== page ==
§ 523(a)(6). The Court found that neither res judicata nor collateral estoppel precluded the Court from considering whether the injury was willful and malicious. However, the Court also found that the jury verdict did have a preclusive effect as to the amount of the debt owed by the debtor to the creditor.
Here, the Court sustained the debtor’s objection to a 910-car creditor’s inclusion of post-petition attorney fees in its secured claim. The Court found that § 502(b) directs courts to determine the amount of a claim as of the date of the filing of the petition;
§ 1322(b) allows modification of pre-petition contractual rights; and no section of the bankruptcy code expressly permits post-petition attorney fees for a 910-car creditor.
Here, the court found that a state court jury had awarded the plaintiff punitive damages based upon fraud, making a determination of fraud essential to the state court judgment and satisfying the final element necessary for the court to apply collateral estoppel to the plaintiff’s cause of action under § 523(a)(2)(A). As a result, the court found that the punitive damage award was nondischargeable under § 523(a)(2)(A). The court also found that a debt arising from the debtor’s embezzlement of the plaintiff’s vehicle was nondischargeable under § 523(a)(4).
In this case, the United States Trustee moved to dismiss the debtor’s chapter 7 case under § 707(b)(2) and § 707(b)(3). Because the court found that the trustee had not calculated the debtor’s current monthly income in accordance with § 101(10A), the court denied the relief sought under § 707(b)(2). After considering the totality of the circumstances of the debtor’s financial condition, including the debtor’s ability to pay her creditors, the court found that the granting of relief under chapter 7 would be an abuse of the provisions of the chapter and granted the trustee’s motion to dismiss under § 707(b)(3), subject to the debtor converting her case to a case under chapter 13 within 14 days.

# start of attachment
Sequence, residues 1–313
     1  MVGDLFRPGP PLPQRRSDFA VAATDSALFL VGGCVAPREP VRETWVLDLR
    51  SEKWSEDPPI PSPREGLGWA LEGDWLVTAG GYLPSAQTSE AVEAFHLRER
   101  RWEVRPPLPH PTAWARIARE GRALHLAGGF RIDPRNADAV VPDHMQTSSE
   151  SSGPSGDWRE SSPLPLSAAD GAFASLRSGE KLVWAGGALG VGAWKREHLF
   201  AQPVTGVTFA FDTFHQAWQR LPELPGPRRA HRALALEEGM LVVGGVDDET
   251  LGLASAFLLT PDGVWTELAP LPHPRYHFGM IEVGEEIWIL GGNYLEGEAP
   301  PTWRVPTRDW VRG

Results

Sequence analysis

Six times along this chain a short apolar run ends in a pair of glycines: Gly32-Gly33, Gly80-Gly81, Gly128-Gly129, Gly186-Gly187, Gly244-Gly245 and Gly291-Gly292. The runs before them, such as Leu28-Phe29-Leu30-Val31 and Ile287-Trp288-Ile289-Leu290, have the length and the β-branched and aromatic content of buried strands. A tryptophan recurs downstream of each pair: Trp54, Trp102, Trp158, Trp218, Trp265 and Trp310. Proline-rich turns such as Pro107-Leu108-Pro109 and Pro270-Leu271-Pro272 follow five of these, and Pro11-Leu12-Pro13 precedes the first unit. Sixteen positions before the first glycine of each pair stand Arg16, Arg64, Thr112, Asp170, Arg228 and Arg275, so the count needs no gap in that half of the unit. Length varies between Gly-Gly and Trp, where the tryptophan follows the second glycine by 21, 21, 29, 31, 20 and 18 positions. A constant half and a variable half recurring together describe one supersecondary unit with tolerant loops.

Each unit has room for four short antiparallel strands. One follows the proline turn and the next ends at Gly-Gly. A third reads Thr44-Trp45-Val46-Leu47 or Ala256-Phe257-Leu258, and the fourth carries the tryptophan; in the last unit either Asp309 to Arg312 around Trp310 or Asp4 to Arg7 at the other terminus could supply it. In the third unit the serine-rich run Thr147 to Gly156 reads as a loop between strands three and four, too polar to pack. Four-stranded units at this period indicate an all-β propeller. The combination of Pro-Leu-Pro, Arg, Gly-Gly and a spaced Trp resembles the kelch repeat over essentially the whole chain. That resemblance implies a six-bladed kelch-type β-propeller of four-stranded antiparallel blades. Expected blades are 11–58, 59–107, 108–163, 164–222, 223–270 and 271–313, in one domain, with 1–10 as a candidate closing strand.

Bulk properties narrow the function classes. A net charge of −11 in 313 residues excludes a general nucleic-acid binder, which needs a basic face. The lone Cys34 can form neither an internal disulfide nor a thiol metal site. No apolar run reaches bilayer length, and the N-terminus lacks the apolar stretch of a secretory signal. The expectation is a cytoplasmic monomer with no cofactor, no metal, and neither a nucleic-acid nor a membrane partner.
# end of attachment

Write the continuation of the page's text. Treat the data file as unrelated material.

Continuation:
Judge Richard D. Taylor
Mortgaged property subject to a statutory foreclosure has not been sold sufficient to avoid the consequences of section 1322(c) until such time as the entire process is complete. Regardless, cause may still exist to lift the automatic stay.
Chief Judge Phyllis M. Jones
Trustee’s objection to confirmation overruled. In determining the amount unsecured creditors would receive in a hypothetical chapter 7 liquidation for purposes of the best interests of creditors test of Section 1325(a)(4), parties should consider: (1) the estimated costs of sale associated with liquidating each asset; (2) the estimated costs of administering the chapter 7 estate, including a chapter 7 trustee’s statutory fee; and (3) any other factors that may be appropriate on a case-by-case basis.
Court adopted the “causal connection approach” and found that the 180-day bar of Section 109(g)(2) applies when the creditor’s request for relief from stay resulted in the debtor seeking and obtaining a voluntary dismissal of his prior case. In so ruling, the Court rejected the Debtor’s argument that the motion for relief from stay had to be pending at the time of dismissal of the prior case.